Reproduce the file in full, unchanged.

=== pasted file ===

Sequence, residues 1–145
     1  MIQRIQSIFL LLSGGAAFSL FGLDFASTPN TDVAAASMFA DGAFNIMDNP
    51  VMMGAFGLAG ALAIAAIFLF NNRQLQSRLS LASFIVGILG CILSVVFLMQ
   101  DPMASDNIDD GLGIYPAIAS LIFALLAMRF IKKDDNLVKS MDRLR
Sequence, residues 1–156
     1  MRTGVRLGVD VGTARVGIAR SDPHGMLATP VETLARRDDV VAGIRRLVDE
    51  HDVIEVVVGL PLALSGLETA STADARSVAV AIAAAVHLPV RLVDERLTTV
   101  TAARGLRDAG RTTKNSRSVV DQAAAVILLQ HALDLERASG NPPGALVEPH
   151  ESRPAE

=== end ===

Sequence, residues 1–145
     1  MIQRIQSIFL LLSGGAAFSL FGLDFASTPN TDVAAASMFA DGAFNIMDNP
    51  VMMGAFGLAG ALAIAAIFLF NNRQLQSRLS LASFIVGILG CILSVVFLMQ
   101  DPMASDNIDD GLGIYPAIAS LIFALLAMRF IKKDDNLVKS MDRLR
Sequence, residues 1–156
     1  MRTGVRLGVD VGTARVGIAR SDPHGMLATP VETLARRDDV VAGIRRLVDE
    51  HDVIEVVVGL PLALSGLETA STADARSVAV AIAAAVHLPV RLVDERLTTV
   101  TAARGLRDAG RTTKNSRSVV DQAAAVILLQ HALDLERASG NPPGALVEPH
   151  ESRPAE